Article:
Roy Davis JrRoy Davis Jr Roy describes the music that he makes as "soul electrica"; soul music mixed with electronics. His style has changed and grown up through the years as he has been going back to his spiritual roots in house music, away from the sound that he once was associated with - Phuture’s acid and wild pitch. The sound he is working on is expanding more on the soulful side combining an unmistakable deep funk sound of Chicago. [...]
Think of a classic house record and nine times out of ten you'll think of Trax, although you may not realise it. 'Move Your Body'? 'Baby Wants To Ride'? 'Washing Machine'? 'Can U Feel It'? All Trax releases. 'House Nation'? 'Acid Trax'? 'Your Love'? 'We Are Phuture'? 'U Used To Hold Me'? Yup, those too. What's more they introduced the world to producers who've become immortalised as some of house music's greatest innovators - Larry Heard, Marshall Jefferson, Frankie Knuckles - and have provided an outlet for many more of Chicago's house artists over the years, such as Armando, Liddell Townsend, Robert Owens, Farley Jackmaster Funk, Mr Lee, Adonis, Fast Eddie, Ralphie Rosario, DJ Rush, Steve Poindexter, Terry Baldwin, DJ Skull... the list goes on. And they did it all by releasing crappy-looking records that sounded like they'd been pressed on sandpaper. Now there's a story worth telling. --by Max Renn [...]
Frankie KucklesFrankie Knuckles, a New York native, moved to Chicago in the late seventies to DJ at the now legendary Warehouse, giving birth to the 'house music'. [...]
Glenn Underground Glenn Underground is the founding member of the Strictly Jaz Unit. He was raised on disco classics and freeform jazz in Chicago's Southside, the place where house music was born. Taking inspiration from Chicago's original pioneers, Larry Heard, Ron Hardy, Lil' Louis, and the like, Glenn has produced some of the most well respected deep house music of the past five years
Strictly speaking, 'Deep House' is the name give to classic house from Chicago and New York in the same vein as Frankie Knuckles' 1987 LP 'Deep House' from which the name originates. Though I am undoubtedly venturing into highly controversial waters, I will venture to say that currently, deep house has meaning mostly as a counterpoint to more aggressive house sub-genres like hard house. As a name referring to a stand-alone genre, I therefore find 'Deep House' quite meaningless. [...]
the Warehouse Legendary Chicago club (1977/78-19??). It is widely accepted that it gave house music its name. Ironically, first choice for The Warehouse was Larry Levan,who declined but in turn suggested his friend Frankie Knuckles.
Ron Hardy1986: While Frankie Knuckles had laid the groundwork for house at the Warehouse, it was to be another DJ from the gay scene that was really to create the environment for the house explosion - Ron Hardy. Where Knuckles' sound was still very much based in disco, Hardy was the DJ that went for the rawest, wildest rhythm tracks he could find and he made The Music Box the inspirational temple for pretty much every DJ and producer that was to come out of the Chicago scene. He was also the DJ to whom the producers took their very latest tracks so they could test the reaction on the dance floor. - Phil Cheeseman [...]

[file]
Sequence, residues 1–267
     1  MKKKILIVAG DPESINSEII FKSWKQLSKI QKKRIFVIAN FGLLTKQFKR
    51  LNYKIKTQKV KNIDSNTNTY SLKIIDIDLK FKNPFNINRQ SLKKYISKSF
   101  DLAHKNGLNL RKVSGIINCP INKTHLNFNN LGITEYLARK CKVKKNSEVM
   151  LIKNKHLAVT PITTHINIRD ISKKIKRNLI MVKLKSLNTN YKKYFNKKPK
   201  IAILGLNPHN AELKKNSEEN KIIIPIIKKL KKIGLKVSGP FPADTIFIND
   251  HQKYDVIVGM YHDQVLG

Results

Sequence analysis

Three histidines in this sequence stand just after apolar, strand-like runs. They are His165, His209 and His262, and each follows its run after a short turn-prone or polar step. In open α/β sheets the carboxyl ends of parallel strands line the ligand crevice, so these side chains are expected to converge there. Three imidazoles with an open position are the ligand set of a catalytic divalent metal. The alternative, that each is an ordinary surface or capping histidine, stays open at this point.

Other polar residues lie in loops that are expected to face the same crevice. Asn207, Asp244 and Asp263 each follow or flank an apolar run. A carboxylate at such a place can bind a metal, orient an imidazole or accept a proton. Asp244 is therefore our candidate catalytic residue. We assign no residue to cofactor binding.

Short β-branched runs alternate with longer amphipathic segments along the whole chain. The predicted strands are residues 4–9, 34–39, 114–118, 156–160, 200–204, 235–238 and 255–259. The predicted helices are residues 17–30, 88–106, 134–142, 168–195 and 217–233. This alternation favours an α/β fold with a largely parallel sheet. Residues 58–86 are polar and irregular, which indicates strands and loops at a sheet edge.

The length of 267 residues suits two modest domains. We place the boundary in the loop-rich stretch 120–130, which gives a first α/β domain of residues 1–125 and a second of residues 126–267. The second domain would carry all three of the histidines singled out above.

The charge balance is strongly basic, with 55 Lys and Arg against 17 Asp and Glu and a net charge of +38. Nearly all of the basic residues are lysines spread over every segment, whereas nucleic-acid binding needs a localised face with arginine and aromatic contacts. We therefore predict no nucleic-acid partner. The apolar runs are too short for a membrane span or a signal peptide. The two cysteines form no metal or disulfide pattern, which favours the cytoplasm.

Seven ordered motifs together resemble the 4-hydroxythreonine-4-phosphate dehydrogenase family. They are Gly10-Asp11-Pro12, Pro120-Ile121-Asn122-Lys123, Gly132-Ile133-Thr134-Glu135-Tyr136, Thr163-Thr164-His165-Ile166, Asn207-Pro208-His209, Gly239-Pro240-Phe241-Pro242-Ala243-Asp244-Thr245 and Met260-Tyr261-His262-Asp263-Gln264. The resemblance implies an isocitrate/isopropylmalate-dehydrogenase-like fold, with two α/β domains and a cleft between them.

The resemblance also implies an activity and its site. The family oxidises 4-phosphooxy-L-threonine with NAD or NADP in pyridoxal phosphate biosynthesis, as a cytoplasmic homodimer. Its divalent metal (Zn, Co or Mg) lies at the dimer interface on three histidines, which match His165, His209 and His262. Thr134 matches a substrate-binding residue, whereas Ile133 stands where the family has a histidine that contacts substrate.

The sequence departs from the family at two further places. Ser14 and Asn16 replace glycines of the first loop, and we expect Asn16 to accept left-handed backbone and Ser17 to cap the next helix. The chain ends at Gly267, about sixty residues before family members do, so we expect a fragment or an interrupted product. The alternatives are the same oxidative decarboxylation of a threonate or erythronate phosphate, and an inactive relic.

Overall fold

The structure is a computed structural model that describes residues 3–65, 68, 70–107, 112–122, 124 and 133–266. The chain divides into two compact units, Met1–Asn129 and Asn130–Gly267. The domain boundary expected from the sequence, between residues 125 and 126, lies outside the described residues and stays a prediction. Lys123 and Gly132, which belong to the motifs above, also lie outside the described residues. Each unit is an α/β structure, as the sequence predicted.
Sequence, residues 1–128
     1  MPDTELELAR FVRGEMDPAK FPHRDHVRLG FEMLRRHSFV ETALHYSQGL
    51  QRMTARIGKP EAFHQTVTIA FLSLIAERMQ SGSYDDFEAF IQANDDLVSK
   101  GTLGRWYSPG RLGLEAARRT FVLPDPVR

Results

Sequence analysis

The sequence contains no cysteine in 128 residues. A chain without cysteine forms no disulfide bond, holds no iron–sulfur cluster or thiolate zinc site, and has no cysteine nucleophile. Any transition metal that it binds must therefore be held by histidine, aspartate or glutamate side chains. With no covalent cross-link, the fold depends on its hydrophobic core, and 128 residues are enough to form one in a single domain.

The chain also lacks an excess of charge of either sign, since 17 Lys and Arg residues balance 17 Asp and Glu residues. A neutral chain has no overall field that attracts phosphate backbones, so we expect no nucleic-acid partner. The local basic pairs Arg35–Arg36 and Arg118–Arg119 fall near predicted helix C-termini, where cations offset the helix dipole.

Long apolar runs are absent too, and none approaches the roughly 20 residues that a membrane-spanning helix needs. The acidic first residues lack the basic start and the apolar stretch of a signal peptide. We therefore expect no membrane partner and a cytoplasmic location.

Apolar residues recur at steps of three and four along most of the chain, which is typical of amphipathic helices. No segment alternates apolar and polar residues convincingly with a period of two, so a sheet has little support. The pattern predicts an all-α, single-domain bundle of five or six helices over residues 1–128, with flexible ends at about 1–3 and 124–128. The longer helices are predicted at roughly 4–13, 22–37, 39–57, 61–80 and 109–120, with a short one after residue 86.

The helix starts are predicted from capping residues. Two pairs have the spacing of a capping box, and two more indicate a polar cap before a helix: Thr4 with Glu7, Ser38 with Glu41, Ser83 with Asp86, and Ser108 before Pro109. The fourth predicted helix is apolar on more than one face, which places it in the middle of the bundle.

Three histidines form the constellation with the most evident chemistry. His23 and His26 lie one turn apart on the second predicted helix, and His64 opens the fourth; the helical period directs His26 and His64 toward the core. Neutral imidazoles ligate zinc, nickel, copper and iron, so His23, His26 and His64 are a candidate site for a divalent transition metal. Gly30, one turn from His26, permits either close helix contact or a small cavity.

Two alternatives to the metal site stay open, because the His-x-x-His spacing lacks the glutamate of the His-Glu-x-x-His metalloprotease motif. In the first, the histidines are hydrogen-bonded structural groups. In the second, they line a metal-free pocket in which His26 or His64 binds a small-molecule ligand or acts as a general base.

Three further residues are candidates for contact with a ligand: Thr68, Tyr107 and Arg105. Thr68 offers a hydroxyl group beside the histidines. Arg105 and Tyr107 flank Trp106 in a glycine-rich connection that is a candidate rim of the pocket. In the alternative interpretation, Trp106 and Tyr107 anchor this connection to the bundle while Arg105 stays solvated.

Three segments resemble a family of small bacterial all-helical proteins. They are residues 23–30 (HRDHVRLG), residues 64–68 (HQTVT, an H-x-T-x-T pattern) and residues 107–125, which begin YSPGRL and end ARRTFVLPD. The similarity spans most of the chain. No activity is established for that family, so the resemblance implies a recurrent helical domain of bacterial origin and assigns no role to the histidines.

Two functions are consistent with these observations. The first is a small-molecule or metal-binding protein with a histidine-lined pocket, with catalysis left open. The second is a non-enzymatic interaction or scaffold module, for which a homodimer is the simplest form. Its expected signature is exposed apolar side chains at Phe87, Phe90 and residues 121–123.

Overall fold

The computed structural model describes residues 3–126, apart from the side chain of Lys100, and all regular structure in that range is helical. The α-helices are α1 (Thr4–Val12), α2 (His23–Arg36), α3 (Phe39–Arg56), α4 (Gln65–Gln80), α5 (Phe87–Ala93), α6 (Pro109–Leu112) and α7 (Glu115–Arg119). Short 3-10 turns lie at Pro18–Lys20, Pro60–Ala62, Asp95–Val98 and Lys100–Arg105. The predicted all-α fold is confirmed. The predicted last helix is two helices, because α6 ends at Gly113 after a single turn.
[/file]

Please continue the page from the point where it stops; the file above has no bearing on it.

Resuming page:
GospelThe decadent beat of Chicago House, a relentless sound designed to take dancers to a new high, it has its origins in the gospel and its future in spaced out simulation (techno). In the mid 1970's, when disco was still an underground phenomeon, sin and salvation were willfully mixed together to create a sound which somehow managed to be decadent and devout. New York based disco labels, like Prelude, West End, Salsoul, and TK Disco, literally pioneered a form of orgasmic gospel, which merged the sweeping strings of Philadelphia dance music with the tortured vocals of soul singers like Loleatta Holloway. Her most famous releases, "Love Sensation" and "Hit and Run" became working models for modern house records. After an eventful career which began in Atlanta and the southren gospel belt, Loleatta joined Salsoul Records during the height of the metropolitan disco boom, before returning to her hometown of Chicago. --Stuart Cosgrove
- Best of Chicago Trax [2 CD Amazon US]
1. On the House 2. Move Your Body - Marshall Jefferson 3. Baby Wants to Ride - Frankie Knuckles 4. Can't Get Enough - Liz Torres 5. Do It Properly - Adonis 6. You Used to Hold Me - Ralphi Rosario 7. 7 Ways to Jack - Hercules 8. Jackin' Me Around 9. I Like It - Razz 10. Iminxtc 11. Mind Games - Quest 12. Don't Make Me Jack - Paris Grey Disc: 2 1. Your Love - Frankie Knuckles 2. Bring Down the Walls - Robert Owens 3. Can U Feel It - Mr. Fingers 4. Children of the Night - Kevin Irving 5. Jungle - Jungle Wonz 6. Real Thing - Screamin' Rachael 7. No Way Back - Adonis 8. House Nation 9. String Free - Phortune 10. You Used to Hold Me - Ralphi Rosario 11. This Is Acid - Maurice 12. Ride the Rhythm - Kevin Irving 13. Move Your Body - Marshall Jefferson 14. Let's Get Busy more on Trax records
- Green Velvet - Green Velvet [1 CD, Amazon US]
Chicago's Curtis Jones (a.k.a. Cajmere and Green Velvet) is, by far, on of the top producers of house music in the world. In the mid-'90s, his self-run record labels, Cajual and Relief, spearheaded the continuing renaissance of the genre with distinctive tracks that delivered a powerful dance-floor rush and gave DJs a deep arsenal of guaranteed crowd pleasers. While his Cajmere tracks are upbeat vocal workouts, it's his work as Green Velvet that continues to fascinate and gain legions of new devotees. Jones sets his GV material on a bed of dark, relentless, dirty beats, while adding his own twisted vocal flourishes that are one part Gary Numan and one part Bauhaus. Each track has a distinct narrative (i.e., a tour of a night club or an imagined reincarnation as a drop of water); the results are both frightening and hilarious. Long out-of-print on vinyl, the new Green Velvet CD combines such "classics" as "Flash," "Leave My Body," and "Answering Machine" with more recent material, including the fantastic Giorgio Moroder-inspired drive of "Coitus." --David Prince for amazon.com